Armodoxy for Today: Coronation
Like so many
people, I watched the Coronation of King Charles III Saturday morning, here on the West Coast of America. Yes, I said many people. An estimated 19.3 million tuned in via BBC One and 11.7 million on ITV at home, while global audience figures are said to have reached 2.5 billion. That’s about a third of the earth’s population. Obviously, the Monarchy is of interest to many more than the citizens of the United Kingdom. Watching the Coronation will give you an ideas as to why.
It was almost 70 years to the day that the coronation of King Charles’ mother, Queen Elizabeth II took place (June 2, 1953). King Charle’s Coronation was the first view most of the world’s population had of this ceremony, and in splendid color at 4K and 8K definition, with opportunities to rewind vows, still the frame over jewels and zoom in on background expressions. For me, the excitement was with all of it, especially over the words that shared this service with the common man.
I was taken by the similarities between the Coronation and the ordination of the priest in the Armenian Church. From the vestments, to the prayers over the vestments to the holy oil dripping from the golden dove, I kept thinking who’s taking from who? Who’s adopting or adapting from who?
The opening declaration set the tone for the Coronation and hooked me, ”Your Majesty,” said two youngsters dressed in royal attire, “As children of the kingdom of God we welcome you in the name of the King of kings.”
The emphasis throughout the ceremony was on service, that King Charles had come to serve, not to be served. The Scriptural reading came from the Gospel of Luke, chapter 4, where Jesus proclaims his own mission. It is read at the consecration of every priest in the Armenian Church, it has been the cornerstone of my ministry and now I was hearing it along with the King and the millions listening:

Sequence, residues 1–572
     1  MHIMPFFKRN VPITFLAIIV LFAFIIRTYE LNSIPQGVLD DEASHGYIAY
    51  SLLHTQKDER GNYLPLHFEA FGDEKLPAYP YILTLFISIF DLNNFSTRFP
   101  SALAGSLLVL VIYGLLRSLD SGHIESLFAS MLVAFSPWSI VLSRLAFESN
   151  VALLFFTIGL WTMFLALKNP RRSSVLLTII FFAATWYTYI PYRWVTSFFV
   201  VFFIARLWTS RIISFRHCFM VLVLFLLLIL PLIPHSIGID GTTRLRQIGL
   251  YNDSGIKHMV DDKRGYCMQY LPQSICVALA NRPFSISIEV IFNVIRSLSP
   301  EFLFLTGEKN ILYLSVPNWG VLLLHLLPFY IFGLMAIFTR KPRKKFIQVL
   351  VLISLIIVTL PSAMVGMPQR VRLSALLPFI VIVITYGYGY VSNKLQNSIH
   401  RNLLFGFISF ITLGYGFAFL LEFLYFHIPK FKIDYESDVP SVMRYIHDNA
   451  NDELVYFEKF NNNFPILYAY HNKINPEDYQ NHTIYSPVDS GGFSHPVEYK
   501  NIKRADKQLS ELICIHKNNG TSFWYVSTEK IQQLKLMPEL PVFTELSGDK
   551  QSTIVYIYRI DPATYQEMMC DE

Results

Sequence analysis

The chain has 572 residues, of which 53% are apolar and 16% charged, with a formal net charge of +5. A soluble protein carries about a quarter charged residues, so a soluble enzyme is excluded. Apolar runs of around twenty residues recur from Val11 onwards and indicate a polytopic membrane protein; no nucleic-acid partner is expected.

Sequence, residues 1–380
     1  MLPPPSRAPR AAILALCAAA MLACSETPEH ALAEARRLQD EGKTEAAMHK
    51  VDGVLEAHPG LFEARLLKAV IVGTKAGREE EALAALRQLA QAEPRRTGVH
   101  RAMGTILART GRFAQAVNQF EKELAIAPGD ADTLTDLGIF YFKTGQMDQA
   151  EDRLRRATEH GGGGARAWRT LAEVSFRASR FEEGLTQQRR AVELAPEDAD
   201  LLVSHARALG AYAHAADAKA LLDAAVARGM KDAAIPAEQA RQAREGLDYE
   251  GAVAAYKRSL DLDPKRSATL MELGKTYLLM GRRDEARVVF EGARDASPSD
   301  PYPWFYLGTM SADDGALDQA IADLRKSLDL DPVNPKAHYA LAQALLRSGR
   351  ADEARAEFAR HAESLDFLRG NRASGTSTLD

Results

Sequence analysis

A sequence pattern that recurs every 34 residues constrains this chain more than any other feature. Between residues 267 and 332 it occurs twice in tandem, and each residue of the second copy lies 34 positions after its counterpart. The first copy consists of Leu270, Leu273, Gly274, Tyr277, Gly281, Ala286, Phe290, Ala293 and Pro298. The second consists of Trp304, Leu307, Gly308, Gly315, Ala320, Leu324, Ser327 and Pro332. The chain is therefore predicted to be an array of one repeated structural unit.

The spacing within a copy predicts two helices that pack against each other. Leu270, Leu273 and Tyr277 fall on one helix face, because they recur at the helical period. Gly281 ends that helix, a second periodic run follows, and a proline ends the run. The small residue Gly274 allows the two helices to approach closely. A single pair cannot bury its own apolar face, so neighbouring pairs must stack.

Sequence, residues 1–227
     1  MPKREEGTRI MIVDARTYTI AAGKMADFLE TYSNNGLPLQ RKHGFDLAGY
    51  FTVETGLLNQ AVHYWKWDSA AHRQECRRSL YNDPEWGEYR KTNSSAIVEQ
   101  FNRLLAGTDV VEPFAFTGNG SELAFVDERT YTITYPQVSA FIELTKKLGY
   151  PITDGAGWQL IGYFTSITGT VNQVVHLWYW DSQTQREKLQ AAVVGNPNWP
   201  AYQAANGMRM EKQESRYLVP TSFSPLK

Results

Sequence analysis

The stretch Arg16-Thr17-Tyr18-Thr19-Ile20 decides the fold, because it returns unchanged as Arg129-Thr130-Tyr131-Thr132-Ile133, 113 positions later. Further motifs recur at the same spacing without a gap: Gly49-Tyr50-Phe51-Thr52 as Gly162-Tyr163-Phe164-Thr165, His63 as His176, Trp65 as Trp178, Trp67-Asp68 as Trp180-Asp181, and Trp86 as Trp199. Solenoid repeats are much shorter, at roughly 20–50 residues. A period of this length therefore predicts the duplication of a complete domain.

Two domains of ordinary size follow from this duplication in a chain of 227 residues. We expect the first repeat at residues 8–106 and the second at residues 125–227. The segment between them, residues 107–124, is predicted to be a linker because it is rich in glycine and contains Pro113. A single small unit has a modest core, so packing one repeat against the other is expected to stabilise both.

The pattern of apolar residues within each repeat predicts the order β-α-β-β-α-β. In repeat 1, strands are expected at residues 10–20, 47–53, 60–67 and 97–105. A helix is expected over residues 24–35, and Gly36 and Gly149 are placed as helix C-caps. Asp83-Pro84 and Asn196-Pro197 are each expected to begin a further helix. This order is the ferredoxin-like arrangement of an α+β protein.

“The Spirit of the Lord is upon Me,
Because He has anointed Me
To preach the gospel to the poor;
He has sent Me to heal the brokenhearted,
To proclaim liberty to the captives
And recovery of sight to the blind,
To set at liberty those who are oppressed;
To proclaim the acceptable year of the Lord.”
To serve others. Authority. Structure. Beauty. Splendor. Magnificence. Solemnity. Sacredness. Holy. Set apart from our daily experience. All things that came to my mind as to why this scene, which was being broadcast into our homes and across phones and tablets, was so appealing to me and so many others. But let’s not fool ourselves. It comes with a price, a price defined by the relationship of church and state.
The Archbishop of Canterbury installed the King of England. In turn the King is the head of the Church of England. In the Armenian Church we’ve had these close ties between church and state, especially within the conversion story, with St. Gregory the Illuminator and King Tirtad in the 4th century. Today, in the West, especially here in the United States, the separation of church and state are part of our constitution. That separation too, comes with a price, a price that we often are willing to pay, by abandoning the sanctity of freedom.
“My country ‘tis of thee,” a song we learn here in the States is the “America” hymn, set to the words of “God save the King.” As I heard it song at the Coronation, I must admit I was moved and swelled with emotions, don’t ask me why. But still, it’s a reminder that there was a reason why the American Revolution took place. There was a reason why independence was declared, and it had to do with the basic freedom to choose, yes, to choose your own fate and destiny.
I can’t even imagine having a head-of-state who de facto is the head of the Church. A President or a Prime Minister who is the head of the church? In the case of the Conversion of Armenia, it’s a beautiful and poetic story: Armenia became the first Christian nation.
Faith, never has, nor can it ever be mandated or legislated.
Leave a ReplyWant to join the discussion?
Feel free to contribute!